the fog and the practice

Twice this week I’ve left my children in the care of their terrific nanny in order to craft a post about rituals and the yoga mat; twice, now, this task seems self-defeating as time ticks by and the page remains blank. My brain is too tired. If I’m lucky, I will write this sentence without second-guessing its syntax or vocabulary. If I’m lucky, I will not lose the train of thought that is v e r y  s l o w l y  r e v e a l i n g  i t s e l f. Sleep deprivation tends to affect my language as much as it does my memory. It’s like trying to pick my way through a general fog of confusion: Did I say this already? Did I say this correctly? Did I observe that rightly? Am I remembering it clearly? What was I doing? What was I going to do next?

I feel a bit like a cliched mama when I say that my teething, non-sleeping seven month-old is leaving me exhausted. Falling back on this excuse is hard because it seems to negate how I like to think of myself – as someone capable and (mostly) clear-headed. But it’s hard to ignore the “facts:” 1) I’m not getting good sleep and 2) the lack of sleep is affecting me.

So instead of talking about rituals, let’s talk about how we pick out our paths in foggy weather. This enterprise consists of acknowledging the fog rather than rejecting or ignoring it. And fog requires presence. Concentrated presence that engages the full artillery of sensations and drills down to the minute unfolding of the given moment: the ridged pads of my fingertips against the silky surface of my keyboard; the slight resistance and spring of the letters as I press them; the cool porcelain of my cup and the flood of slightly chilled coffee, tinged with honey and mingled with milk; the buzz of the coffeehouse – bits and pieces of conversation ringing out amongst the beans’ staccato as they’re poured into bins, the whirring of a grinder, the laughter of baristas, the whoosh of the air as the door opens and the slight thud of wood as it falls shut. Now I can find a bit of clarity. Now I can find my thought. Now I can locate myself. More importantly, now I can find my ground and, for this given moment, root myself.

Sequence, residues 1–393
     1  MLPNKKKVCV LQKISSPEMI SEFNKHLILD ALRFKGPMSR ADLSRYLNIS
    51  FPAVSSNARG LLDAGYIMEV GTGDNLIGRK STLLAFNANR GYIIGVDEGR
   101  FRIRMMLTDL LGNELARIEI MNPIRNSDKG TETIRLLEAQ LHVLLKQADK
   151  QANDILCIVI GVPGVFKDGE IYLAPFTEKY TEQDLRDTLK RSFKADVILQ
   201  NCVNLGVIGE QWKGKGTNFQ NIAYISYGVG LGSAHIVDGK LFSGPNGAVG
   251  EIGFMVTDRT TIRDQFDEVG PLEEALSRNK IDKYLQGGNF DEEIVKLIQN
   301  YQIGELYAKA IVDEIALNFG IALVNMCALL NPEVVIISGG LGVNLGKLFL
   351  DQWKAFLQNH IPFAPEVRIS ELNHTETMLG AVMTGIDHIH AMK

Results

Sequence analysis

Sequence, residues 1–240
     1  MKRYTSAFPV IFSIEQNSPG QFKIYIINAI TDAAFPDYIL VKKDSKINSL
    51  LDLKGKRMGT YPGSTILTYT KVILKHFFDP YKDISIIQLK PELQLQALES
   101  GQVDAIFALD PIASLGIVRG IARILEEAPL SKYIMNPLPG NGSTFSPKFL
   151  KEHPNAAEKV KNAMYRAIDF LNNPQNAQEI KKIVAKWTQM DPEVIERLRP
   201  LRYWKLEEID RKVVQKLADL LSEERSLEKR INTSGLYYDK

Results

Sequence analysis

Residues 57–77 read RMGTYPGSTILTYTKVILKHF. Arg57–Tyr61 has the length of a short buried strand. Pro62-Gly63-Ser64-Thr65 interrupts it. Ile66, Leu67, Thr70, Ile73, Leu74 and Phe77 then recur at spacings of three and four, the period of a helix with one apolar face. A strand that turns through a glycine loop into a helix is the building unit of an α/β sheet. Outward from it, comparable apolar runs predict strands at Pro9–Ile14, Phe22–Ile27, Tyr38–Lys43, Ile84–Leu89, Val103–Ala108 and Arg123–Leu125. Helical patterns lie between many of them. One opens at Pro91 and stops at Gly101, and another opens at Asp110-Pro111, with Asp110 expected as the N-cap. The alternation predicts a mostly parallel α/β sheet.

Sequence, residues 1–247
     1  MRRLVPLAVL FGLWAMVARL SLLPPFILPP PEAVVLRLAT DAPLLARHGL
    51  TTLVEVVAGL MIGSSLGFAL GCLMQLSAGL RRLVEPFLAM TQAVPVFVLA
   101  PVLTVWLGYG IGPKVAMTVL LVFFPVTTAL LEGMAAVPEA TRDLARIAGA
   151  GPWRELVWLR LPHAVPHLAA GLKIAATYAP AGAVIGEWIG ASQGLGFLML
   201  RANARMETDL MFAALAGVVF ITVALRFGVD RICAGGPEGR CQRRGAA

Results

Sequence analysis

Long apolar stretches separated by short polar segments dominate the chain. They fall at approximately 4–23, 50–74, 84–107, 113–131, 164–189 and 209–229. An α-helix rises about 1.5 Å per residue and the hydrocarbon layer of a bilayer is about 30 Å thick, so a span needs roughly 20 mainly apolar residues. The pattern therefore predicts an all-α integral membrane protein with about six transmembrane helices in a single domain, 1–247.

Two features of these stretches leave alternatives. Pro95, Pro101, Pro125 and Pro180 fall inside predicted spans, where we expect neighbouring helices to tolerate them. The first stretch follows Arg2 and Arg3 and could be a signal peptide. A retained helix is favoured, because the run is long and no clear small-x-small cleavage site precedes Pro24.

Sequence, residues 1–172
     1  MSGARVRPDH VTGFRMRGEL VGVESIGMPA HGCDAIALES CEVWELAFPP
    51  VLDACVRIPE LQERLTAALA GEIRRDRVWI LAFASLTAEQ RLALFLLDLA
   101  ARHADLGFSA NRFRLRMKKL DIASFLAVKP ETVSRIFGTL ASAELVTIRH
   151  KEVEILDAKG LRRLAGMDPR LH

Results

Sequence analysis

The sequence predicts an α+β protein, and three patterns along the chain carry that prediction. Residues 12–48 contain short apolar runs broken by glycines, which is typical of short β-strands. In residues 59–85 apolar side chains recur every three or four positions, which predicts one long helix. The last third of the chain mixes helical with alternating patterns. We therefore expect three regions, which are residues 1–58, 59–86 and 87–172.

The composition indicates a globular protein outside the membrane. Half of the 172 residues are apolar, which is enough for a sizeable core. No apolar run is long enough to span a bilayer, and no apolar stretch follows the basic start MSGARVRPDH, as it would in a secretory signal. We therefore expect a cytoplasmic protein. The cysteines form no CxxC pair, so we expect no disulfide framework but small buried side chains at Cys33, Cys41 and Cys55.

It might seem strange to think of moving through life with this kind of attention to presence. It’s especially strange for most Westerners who have a sense of temporality that impels us towards the future. “Leaning in,” for example, seems to require that we know where we’re going and that we wholeheartedly drive towards it. But this impulse for continual forward movement obscures the very thing that fog emphasizes, presence. And, in that presence, mindfulness. What would happen if we loitered in the present? What would happen if we cultivated mindfulness in each action, no matter how small? How might our sense of time change? Might our present moment (and our future) be enriched if we give it our full attention?

Right now, my children are my best teachers for being present. If I hunker down with them and fully devote my attention to them, that moment becomes more vibrant, more detailed, and more loved. My patience spreads. This is the fourth time that you want to read this book, my child? Lovely. What can we discover this time?  If my attention flutters to the clock, then my stress explodes. Read this book again?!? Ugh. Why can’t you just eat your lunch so that I can clean it up and get you to your nap?  The agenda remains – read book, eat lunch, go down for a nap – but the quality of my relationship to it is different. The first is loving and kind; the second is harried and hard. One creates ease; the other creates effort. Imagine which my child might prefer.

The yoga mat offers another space for experimenting with and experiencing this kind of presence without external factors like children, work, errands, and tasks. On the mat it is just me, my breath, my thoughts (because the effort to keep my mind quiet is, in fact, an effort), and my movement in my body. Here, though, I can feel my hands and my feet on the tacky surface of my mat; I can feel the length in my spine as my sit bones reach skyward and my hands root downwards; I can find the space that always resides in me but gets obscured or blocked; I can find my breath and I can grow light. I cultivate presence from the inside-out and, by doing so, I give myself the internal resources for days like today.

None of this is easy. Being present is hard, and it’s easy for me to be too tired to devote such careful attention to the ongoing moments of my life. But I can try. And I can be grateful even for the fog that descends because it offers me an opportunity to practice, to learn, and to grow. May you present. May you be light. Namaste. 

photo by Charles Cramer
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